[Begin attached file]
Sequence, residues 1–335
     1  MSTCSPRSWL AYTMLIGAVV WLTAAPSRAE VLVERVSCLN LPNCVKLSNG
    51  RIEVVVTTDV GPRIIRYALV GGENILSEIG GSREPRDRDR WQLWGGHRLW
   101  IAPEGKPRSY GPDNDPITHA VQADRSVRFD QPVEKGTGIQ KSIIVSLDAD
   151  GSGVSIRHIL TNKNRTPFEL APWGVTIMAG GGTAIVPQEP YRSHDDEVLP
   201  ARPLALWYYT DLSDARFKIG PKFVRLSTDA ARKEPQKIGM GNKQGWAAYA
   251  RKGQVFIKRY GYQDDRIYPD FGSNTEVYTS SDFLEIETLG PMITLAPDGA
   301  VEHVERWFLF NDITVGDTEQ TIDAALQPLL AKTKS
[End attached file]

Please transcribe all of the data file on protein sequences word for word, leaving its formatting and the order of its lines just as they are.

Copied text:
Sequence, residues 1–335
     1  MSTCSPRSWL AYTMLIGAVV WLTAAPSRAE VLVERVSCLN LPNCVKLSNG
    51  RIEVVVTTDV GPRIIRYALV GGENILSEIG GSREPRDRDR WQLWGGHRLW
   101  IAPEGKPRSY GPDNDPITHA VQADRSVRFD QPVEKGTGIQ KSIIVSLDAD
   151  GSGVSIRHIL TNKNRTPFEL APWGVTIMAG GGTAIVPQEP YRSHDDEVLP
   201  ARPLALWYYT DLSDARFKIG PKFVRLSTDA ARKEPQKIGM GNKQGWAAYA
   251  RKGQVFIKRY GYQDDRIYPD FGSNTEVYTS SDFLEIETLG PMITLAPDGA
   301  VEHVERWFLF NDITVGDTEQ TIDAALQPLL AKTKS